There was this one time where Paul needed to finish a particular ad campaign setup, and he didn’t hear any comment or feedback coming from the client. Paul thought they liked the ad campaign he’s been working on because it was already the 9th day, and there was still no comment. But on the 10th day, the small company told Paul that they don’t want him to do that now because they already thought of something else. 

By the way, for those unfamiliar with the term “goal post,” it is a form of public relations and social media planning that is an effective way to organize your thoughts and prevent making simple errors. It’s also something you can finish in an hour or two, and it’ll save you time once you start putting the plan into action. 

Now, the small company wants to reposition the goalposts. When Paul and the small business discussed a specific channel to use for their market, the small company consented to the channels Paul requested. But after a week, they informed Paul that they would test this other channel instead. 

For instance, Paul recommended that they use Google search, LinkedIn, and Twitter for their channels. The small company told him they wanted to try Facebook and Instagram because they think there are more sales in those channels. Paul put effort into researching the channels and explained the pros and cons of the different platforms to the small company.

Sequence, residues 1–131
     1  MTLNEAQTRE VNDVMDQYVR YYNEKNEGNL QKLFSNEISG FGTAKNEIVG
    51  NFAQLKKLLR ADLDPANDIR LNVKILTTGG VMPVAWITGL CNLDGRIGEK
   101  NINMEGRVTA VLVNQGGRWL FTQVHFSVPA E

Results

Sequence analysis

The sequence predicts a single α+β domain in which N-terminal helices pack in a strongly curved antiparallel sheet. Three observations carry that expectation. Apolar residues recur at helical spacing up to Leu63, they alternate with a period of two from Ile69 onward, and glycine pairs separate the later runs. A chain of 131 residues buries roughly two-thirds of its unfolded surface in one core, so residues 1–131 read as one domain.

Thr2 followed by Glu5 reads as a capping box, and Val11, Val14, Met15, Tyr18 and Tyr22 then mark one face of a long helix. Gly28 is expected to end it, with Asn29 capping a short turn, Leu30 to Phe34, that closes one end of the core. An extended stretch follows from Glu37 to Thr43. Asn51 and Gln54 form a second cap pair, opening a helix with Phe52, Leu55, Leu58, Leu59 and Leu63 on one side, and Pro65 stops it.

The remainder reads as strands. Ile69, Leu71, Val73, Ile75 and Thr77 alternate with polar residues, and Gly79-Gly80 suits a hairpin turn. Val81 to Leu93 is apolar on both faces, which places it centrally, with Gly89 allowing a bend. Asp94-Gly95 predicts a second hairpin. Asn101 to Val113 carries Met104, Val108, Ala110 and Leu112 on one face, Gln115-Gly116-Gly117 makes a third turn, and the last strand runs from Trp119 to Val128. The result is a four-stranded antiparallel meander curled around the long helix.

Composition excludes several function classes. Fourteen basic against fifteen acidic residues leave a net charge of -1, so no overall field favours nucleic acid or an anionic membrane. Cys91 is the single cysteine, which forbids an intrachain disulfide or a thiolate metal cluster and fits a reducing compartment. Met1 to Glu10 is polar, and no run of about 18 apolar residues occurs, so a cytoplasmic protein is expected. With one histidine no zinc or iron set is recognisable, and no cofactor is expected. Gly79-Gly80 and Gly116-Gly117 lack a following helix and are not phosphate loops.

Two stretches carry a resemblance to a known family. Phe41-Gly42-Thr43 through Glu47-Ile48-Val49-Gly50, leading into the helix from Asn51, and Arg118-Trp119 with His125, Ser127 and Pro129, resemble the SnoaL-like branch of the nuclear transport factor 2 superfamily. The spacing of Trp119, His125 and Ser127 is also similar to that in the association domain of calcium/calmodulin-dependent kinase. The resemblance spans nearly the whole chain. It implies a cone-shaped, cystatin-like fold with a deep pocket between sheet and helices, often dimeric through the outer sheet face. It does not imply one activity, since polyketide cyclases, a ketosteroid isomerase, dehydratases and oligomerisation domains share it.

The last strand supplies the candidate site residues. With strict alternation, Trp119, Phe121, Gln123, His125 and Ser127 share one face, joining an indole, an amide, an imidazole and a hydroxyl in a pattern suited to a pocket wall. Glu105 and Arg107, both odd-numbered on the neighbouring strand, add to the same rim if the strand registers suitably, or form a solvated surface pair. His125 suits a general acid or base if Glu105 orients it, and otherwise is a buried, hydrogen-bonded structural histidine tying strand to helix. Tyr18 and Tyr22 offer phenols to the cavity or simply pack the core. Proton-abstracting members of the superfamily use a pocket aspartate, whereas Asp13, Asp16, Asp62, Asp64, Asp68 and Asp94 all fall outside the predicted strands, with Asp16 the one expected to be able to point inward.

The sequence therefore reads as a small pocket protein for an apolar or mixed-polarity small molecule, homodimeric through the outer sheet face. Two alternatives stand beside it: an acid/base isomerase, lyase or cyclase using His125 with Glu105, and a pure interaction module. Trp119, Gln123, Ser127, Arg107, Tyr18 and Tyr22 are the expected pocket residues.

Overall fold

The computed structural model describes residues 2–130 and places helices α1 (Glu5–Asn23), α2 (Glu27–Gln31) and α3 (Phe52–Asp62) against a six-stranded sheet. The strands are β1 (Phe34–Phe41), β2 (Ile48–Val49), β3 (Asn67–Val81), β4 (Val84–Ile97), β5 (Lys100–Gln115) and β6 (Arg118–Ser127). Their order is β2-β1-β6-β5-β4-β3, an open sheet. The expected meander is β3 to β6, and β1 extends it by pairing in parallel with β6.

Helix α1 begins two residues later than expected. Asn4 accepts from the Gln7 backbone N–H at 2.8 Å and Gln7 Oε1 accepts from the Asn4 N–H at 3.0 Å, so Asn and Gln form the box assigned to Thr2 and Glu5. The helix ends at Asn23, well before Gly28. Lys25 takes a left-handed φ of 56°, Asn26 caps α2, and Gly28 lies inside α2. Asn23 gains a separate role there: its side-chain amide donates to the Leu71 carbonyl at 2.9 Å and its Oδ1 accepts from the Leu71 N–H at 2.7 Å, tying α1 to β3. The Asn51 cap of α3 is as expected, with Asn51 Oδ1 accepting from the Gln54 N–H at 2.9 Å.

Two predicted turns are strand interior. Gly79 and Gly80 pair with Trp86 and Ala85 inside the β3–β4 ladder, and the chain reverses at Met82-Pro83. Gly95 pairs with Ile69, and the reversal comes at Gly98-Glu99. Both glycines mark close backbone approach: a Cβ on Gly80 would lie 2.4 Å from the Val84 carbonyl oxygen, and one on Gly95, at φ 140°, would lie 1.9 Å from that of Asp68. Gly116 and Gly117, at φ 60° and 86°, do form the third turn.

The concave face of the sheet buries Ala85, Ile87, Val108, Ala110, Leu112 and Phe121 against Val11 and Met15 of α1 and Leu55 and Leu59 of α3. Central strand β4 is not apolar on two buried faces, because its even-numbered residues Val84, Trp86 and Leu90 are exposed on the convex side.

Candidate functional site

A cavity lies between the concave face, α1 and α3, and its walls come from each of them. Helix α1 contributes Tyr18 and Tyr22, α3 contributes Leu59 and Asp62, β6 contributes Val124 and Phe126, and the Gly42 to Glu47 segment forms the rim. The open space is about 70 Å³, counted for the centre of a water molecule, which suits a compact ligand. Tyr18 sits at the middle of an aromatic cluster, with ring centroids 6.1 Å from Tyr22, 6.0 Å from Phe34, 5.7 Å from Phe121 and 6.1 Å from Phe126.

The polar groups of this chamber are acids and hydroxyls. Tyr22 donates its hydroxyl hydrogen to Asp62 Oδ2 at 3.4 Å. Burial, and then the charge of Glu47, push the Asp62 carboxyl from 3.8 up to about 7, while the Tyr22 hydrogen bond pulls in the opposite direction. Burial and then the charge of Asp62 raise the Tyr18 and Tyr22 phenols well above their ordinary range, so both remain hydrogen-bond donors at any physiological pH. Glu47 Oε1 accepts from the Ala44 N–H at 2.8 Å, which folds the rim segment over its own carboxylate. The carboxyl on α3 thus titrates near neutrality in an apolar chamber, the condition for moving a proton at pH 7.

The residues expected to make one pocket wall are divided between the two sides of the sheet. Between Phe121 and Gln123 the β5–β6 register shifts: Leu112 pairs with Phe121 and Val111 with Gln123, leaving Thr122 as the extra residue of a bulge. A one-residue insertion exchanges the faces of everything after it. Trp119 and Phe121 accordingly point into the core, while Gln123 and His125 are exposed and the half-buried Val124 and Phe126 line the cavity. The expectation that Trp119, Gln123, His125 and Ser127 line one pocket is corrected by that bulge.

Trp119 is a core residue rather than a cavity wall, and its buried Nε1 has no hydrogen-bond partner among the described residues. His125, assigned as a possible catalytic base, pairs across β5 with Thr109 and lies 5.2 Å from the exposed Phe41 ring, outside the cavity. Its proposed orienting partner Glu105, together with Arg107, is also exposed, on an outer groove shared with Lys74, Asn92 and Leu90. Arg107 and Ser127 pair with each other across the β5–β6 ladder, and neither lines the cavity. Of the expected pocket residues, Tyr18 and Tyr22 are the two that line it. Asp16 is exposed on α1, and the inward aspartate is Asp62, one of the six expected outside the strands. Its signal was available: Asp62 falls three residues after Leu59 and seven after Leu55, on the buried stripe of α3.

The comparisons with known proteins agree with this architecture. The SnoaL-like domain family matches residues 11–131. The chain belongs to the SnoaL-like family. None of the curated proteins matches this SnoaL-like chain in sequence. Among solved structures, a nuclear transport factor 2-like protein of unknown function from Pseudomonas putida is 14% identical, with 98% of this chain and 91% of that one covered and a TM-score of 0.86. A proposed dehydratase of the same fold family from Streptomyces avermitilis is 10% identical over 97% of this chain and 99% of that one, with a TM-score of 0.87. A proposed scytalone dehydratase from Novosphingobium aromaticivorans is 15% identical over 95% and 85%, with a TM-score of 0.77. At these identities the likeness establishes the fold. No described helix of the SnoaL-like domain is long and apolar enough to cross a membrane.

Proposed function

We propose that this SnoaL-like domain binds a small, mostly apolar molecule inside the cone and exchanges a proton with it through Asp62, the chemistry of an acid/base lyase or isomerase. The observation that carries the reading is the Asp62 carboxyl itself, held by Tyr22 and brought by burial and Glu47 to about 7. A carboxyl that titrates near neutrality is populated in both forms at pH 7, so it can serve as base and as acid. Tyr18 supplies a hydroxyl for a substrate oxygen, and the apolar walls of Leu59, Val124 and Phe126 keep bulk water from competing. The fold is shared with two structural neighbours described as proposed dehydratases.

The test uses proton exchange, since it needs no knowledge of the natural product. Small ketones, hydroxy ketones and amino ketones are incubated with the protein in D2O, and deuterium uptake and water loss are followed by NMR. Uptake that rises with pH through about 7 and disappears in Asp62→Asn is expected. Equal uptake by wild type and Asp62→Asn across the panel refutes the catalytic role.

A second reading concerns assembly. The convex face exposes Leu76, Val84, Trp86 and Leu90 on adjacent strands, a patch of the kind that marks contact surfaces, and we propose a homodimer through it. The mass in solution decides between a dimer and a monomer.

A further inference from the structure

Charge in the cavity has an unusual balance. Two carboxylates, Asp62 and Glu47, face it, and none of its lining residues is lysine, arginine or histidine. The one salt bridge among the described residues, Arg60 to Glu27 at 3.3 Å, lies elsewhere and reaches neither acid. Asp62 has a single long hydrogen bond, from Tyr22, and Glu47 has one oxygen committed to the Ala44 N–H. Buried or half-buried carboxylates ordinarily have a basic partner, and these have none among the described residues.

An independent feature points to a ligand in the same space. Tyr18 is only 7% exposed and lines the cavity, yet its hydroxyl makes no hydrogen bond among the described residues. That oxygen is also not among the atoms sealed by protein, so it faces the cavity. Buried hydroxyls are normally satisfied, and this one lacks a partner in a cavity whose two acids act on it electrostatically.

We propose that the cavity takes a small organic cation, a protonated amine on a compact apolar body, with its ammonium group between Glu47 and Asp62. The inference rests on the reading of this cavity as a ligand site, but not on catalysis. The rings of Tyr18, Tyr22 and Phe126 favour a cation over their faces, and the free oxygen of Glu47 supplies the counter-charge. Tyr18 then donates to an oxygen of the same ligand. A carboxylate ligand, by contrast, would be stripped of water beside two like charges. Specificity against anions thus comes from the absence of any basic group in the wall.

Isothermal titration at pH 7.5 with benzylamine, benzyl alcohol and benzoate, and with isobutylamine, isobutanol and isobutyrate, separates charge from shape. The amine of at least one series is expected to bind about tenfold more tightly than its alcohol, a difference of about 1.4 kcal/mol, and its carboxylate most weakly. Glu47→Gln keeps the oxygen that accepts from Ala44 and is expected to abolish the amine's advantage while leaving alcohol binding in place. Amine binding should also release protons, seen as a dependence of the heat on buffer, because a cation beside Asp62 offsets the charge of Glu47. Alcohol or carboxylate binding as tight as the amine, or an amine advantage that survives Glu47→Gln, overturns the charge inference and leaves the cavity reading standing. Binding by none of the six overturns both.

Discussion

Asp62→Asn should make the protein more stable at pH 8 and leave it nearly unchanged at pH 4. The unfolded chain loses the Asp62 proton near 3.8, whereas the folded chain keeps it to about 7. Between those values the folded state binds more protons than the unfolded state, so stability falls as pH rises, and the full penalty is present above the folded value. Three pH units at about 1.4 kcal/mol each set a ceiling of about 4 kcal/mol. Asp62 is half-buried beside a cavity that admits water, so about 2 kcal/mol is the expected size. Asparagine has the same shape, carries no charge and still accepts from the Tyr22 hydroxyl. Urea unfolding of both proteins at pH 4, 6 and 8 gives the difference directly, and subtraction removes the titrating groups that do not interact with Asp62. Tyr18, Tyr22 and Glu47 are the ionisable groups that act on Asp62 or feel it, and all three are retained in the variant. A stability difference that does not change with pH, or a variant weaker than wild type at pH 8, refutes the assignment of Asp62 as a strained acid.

Then all of a sudden, the small company wants to try other channels that are not on the list. Paul was a bit annoyed and told them that Facebook and Instagram are not ideal for small companies because it costs more money and time. Fortunately, the small company believed Paul and told him to disregard what they suggested and just push through with the channels that Paul researched. 

Learn how to voice out

Paul continued working on the channels, and yet again, Paul had enough of the client because they don’t follow Paul’s process. So he voiced out and said to the small company, “Do you remember the first conversation we had where you said that you know you admitted that you had complete ignorance of digital advertising and that you’d rely on my expertise. Now it seems that you suddenly have some really strong opinions on what we should do. So what’s changed?” Paul was curious why the small company is now acting like they know digital marketing and digital advertising, so he asked them upfront.

The small company replied that they had spoken to a friend who was also an entrepreneur in business and was selling a product completely different from what the small company is selling. Their friend is selling business-to-consumer products and what the small company is selling is business-to-business software, which is an entirely different thing. 

The small company told Paul that their friend is killing it on Facebook and Instagram, and his products have become famous on those channels. Paul was triggered when the small company told him that because Paul felt like he was being told, “We told you so!” The small company wanted to use Instagram and Facebook, and if only Paul listened to them, they would have succeeded like their friend.